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Summary: God challenges His people to be authentically devoted to Him.

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I voted to close the church; not intentionally, not maliciously perhaps, but carelessly, thoughtlessly, lazily, indifferently, I voted. I voted to close its doors that its witness and its testimony might be stopped. I voted to close the open Bible on its pulpit . . . The Bible that had been given us by years of struggle and by the blood of martyrs who died that we might have it to read. For, you see, I could have gone and I should have gone, but I didn’t. I could have prayed and I should have prayed, but I didn’t. I could have tithed and I should have tithed, but I didn’t. I could have served and I should have served, but I didn’t. And, as a result, I voted to close the church.

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Malachi speaks to the people of God in his day about the importance of authenticity. I believe it is a message God’s people today need to hear, as well. For if we were to sum up in one phrase our responsibility as Christians, it would be nothing more, nothing less, and nothing other than to honor God through a commitment that is authentic.

1. God’s expectation is that we honor Him - v. 6a

Just as an earthly father or master has the right to expect honor, our heavenly Father and Master has the right to expect to be honored in the lives of those who belong to Him. God’s expectation that His children honor Him with authentic commitment is echoed through-out Scripture.

“Let all that I am praise the LORD; with my whole heart, I will praise his holy name.” - Psalm 103:1 (NLT)

“Love the Lord your God with all your heart and with all your soul and with all your mind and with all your strength.” - Mark 12:30 (NIV)

“I appeal to you therefore, brethren, and beg of you in view of [all] the mercies of God, to make a decisive dedication of your bodies [presenting all your members and faculties] as a living sacrifice, holy (devoted, consecrated) and well pleasing to God, which is your reasonable (rational, intelligent) service and spiritual worship.” - Romans 12:1 (Amplified)

The problem with too many of us is that we like to think of the privilege of having God as our Father and Master, but not of the responsibility that goes along with that special relationship.

“One of the biggest problems in the church today is that we emphasize God’s promises more than His demands.” - Chuck Colson

God not only makes promises to us; He makes demands of us. As our heavenly Father and Master, He demands that we honor all that He is with all that we are. But too many of us find it easier to “go through the motions” than to authentically, whole-heartedly, honor God with the devotion of our lives. We find it is easier to sing than to be sincere.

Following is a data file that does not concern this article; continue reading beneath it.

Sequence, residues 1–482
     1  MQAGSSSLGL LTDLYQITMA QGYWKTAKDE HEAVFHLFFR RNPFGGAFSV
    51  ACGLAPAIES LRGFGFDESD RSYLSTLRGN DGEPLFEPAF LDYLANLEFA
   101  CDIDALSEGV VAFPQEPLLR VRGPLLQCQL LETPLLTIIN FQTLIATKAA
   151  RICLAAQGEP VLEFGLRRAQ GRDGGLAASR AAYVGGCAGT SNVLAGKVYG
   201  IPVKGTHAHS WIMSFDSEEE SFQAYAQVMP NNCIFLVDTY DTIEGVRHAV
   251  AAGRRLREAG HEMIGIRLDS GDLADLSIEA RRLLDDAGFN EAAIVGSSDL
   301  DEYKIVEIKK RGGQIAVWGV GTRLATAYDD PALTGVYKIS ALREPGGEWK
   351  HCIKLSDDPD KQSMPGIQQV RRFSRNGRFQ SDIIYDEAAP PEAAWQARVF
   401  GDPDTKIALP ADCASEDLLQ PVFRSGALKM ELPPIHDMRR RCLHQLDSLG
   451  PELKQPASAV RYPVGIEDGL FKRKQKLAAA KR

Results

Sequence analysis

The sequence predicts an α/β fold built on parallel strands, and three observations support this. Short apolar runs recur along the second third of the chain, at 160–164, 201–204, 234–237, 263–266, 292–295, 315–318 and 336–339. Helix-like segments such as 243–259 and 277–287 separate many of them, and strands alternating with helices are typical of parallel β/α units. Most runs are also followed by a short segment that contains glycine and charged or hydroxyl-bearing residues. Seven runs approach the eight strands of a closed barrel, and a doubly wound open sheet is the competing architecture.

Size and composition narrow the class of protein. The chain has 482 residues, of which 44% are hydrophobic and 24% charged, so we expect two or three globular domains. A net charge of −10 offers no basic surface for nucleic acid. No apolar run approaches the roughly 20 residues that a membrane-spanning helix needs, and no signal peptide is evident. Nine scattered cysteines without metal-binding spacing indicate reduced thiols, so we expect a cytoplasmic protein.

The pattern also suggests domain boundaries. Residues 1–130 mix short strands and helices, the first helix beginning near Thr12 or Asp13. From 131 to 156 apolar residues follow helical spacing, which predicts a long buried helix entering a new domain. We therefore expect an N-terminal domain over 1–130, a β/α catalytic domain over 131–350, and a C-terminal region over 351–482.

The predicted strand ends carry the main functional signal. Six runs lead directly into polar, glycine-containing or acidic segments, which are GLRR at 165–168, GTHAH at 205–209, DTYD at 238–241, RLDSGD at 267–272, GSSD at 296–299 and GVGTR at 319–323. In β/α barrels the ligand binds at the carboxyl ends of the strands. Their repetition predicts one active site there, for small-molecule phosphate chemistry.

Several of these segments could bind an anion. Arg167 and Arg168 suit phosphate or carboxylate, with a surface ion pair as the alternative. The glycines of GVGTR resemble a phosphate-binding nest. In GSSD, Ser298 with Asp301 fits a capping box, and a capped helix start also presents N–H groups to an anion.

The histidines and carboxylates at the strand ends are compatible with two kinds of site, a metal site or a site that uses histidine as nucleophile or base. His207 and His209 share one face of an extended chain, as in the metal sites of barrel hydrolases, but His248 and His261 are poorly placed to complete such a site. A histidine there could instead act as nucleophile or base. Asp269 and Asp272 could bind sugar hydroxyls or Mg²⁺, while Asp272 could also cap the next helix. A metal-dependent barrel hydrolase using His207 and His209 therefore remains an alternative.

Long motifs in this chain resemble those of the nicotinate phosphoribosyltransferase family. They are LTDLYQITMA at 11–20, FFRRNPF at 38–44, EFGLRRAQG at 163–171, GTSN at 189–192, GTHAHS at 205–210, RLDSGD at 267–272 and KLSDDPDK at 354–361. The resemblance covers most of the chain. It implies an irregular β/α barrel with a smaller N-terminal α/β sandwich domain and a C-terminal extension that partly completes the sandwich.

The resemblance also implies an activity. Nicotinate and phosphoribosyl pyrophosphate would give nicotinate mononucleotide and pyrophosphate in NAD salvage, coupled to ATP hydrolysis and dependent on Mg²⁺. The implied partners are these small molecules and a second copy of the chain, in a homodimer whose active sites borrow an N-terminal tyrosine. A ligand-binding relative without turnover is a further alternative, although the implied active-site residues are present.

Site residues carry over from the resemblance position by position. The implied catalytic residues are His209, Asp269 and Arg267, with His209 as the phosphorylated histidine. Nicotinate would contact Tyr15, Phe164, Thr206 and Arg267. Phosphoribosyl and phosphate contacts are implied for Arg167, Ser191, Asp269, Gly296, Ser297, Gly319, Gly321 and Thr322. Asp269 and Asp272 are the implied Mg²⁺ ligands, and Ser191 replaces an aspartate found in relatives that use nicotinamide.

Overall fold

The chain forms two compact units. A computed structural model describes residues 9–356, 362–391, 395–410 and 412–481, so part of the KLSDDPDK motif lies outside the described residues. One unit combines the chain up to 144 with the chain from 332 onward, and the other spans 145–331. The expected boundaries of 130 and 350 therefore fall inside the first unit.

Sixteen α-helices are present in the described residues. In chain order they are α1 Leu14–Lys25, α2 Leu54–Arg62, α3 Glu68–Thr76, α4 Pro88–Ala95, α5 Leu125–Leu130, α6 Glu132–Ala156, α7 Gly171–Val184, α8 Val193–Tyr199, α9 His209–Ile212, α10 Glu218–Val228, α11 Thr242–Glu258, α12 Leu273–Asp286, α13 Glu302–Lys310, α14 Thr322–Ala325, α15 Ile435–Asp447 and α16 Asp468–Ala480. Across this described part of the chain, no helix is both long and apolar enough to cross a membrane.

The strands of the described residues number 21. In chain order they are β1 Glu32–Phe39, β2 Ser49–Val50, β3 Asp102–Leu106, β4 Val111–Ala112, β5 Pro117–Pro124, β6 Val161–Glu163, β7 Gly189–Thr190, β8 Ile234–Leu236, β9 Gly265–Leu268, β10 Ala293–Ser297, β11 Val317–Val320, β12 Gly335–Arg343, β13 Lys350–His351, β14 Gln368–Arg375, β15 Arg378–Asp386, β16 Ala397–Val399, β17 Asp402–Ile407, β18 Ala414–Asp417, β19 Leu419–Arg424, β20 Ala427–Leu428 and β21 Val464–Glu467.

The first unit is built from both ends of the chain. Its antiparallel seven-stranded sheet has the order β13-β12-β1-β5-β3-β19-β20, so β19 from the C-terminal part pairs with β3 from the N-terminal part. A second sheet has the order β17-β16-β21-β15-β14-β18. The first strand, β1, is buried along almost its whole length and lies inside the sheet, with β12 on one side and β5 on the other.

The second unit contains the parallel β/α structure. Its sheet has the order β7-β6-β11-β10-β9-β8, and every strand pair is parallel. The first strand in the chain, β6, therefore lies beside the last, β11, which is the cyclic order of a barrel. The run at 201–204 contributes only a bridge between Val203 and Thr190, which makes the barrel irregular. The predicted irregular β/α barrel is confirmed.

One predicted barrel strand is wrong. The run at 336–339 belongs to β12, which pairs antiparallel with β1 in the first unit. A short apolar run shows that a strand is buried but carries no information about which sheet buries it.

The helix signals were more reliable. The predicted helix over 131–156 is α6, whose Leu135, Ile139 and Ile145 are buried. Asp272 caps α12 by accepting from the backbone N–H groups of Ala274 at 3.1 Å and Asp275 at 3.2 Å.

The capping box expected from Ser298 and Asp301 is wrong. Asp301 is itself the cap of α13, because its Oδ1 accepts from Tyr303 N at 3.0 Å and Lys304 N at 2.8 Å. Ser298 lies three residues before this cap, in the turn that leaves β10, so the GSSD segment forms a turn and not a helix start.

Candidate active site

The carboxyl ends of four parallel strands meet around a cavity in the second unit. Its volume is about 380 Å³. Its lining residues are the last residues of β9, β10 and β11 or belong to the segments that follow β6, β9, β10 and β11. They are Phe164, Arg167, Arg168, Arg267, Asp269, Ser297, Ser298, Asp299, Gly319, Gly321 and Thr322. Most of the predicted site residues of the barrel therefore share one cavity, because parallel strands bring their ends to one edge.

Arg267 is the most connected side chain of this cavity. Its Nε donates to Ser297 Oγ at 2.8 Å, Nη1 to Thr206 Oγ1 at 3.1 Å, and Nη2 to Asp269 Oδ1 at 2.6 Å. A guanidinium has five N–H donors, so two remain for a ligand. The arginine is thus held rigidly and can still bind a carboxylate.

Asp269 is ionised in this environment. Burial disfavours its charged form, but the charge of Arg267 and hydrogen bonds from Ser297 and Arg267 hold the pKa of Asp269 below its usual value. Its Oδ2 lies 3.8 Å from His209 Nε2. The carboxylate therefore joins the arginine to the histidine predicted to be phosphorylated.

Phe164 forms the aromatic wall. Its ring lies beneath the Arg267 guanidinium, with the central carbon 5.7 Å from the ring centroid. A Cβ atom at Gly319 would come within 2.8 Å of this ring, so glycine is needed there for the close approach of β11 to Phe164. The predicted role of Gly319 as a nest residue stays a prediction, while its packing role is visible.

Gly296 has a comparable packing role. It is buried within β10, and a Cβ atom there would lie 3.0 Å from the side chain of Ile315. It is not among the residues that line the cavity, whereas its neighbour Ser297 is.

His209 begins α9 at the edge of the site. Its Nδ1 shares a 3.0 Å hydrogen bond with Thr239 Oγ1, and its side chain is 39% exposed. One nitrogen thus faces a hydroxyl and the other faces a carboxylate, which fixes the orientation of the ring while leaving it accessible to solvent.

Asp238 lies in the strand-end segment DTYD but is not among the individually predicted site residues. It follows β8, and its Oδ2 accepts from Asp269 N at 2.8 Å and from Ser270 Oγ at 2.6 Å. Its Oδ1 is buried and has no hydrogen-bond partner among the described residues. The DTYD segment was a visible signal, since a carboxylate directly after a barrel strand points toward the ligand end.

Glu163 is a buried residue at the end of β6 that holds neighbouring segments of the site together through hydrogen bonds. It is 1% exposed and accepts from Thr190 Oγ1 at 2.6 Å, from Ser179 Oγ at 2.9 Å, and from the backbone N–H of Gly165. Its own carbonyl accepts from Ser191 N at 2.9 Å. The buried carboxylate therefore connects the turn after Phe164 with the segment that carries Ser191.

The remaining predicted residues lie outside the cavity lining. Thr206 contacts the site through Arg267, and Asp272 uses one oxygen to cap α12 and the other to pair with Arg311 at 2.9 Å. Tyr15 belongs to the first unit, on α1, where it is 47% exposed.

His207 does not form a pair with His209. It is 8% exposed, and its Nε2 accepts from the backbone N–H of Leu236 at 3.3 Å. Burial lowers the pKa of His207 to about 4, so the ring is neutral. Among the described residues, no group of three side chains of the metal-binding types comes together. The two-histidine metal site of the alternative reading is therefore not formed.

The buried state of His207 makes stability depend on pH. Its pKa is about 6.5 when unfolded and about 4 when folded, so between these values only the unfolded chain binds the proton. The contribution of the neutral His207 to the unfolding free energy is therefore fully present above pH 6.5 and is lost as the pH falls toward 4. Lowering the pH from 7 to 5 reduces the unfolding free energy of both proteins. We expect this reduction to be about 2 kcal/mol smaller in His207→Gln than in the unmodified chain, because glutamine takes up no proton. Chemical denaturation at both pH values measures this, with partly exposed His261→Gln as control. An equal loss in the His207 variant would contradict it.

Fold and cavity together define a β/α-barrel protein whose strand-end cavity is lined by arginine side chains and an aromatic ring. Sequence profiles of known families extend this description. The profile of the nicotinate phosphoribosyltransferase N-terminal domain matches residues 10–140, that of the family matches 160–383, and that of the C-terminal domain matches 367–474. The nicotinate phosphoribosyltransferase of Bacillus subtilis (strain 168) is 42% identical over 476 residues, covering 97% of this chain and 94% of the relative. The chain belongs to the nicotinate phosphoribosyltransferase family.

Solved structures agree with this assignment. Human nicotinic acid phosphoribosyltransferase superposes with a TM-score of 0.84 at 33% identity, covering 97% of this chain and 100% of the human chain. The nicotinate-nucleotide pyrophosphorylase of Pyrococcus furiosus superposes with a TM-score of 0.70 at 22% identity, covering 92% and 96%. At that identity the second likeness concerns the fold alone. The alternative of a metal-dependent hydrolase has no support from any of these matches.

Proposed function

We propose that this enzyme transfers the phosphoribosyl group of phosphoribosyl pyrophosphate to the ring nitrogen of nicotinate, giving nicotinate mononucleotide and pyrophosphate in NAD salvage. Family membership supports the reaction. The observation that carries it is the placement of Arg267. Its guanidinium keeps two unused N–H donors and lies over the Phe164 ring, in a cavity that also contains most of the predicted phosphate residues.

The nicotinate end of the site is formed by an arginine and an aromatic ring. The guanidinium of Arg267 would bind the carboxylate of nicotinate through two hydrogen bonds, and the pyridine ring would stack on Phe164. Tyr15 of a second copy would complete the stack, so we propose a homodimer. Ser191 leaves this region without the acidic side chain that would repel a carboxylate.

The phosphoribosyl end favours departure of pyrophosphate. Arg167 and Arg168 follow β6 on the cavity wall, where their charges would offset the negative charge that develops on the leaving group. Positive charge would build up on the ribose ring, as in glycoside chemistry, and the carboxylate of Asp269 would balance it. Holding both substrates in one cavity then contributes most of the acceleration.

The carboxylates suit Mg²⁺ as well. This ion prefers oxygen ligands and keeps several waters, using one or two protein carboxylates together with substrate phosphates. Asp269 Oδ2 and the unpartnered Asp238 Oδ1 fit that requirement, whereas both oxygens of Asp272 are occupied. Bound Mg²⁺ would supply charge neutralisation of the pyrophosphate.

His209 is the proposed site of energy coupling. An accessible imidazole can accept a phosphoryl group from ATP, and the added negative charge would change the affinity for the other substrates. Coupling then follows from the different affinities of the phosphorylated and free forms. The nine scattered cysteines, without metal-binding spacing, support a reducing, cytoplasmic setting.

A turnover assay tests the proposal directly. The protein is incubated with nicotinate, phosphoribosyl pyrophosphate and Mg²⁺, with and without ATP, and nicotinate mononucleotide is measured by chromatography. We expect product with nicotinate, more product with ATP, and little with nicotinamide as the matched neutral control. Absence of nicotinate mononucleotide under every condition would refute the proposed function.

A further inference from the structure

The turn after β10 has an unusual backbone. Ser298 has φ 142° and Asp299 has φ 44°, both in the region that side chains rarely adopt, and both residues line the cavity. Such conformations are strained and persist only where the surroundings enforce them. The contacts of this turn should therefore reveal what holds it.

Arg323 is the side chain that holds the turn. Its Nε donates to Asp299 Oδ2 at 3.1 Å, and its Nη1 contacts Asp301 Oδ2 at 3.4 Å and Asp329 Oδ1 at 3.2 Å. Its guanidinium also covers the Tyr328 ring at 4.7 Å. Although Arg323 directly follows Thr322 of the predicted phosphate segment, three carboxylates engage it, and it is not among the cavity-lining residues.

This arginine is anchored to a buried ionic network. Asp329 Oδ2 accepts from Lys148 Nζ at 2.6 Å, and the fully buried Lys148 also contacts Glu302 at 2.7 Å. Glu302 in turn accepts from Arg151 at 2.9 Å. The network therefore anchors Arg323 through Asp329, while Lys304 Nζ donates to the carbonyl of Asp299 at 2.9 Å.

“A charge to keep I have, a God to glorify.” But, Lord, expect no cash from me, Your glory comes too high. “Am I a soldier of the cross, I follower of the Lamb?” Yes, though I seldom ever pray, I still insist I am. “Must Jesus bear the cross alone, and all the world go free?” No, others, Lord, should do their part, but please don’t count on me.” “Praise God from whom all blessings flow; praise Him all creatures, here below.” Loud songs of praise I like to bring, because it doesn’t cost to sing.

God expects His people to honor Him with authentic devotion.

2. God’s definition of what it means to honor Him - vs. 6b-9; 11-14

What does it mean to honor God with authentic devotion? It means to give God our best. These priests dishonored God by not offering their best. Their questions and statements reveal two things:

A. This problem hadn’t developed overnight - vs. 6-7

No doubt, you’re heard the illustration of the frog in the kettle. The idea is that if a frog is placed in a pot of boiling water, the frog will immediately jump out. But if the frog was placed in the water while it is yet cool, and then heated gradually, the frog will adapt to the gradual changes in temperature until it boils to death!

They had been “frogs in a kettle” - an environment had gradually developed, through one compromise after another, where honoring God by offering their best was no longer the accepted standard; but offering God what should be rejected had become commonplace. Notice verse 8. Malachi basically says, “Try paying your taxes to the government by giving it worthless things. No, the government gets its hand into the paycheck first and takes its share right off the top. Always. But God is more important than the government; so why do people think they can get away with giving him inferior gifts?”

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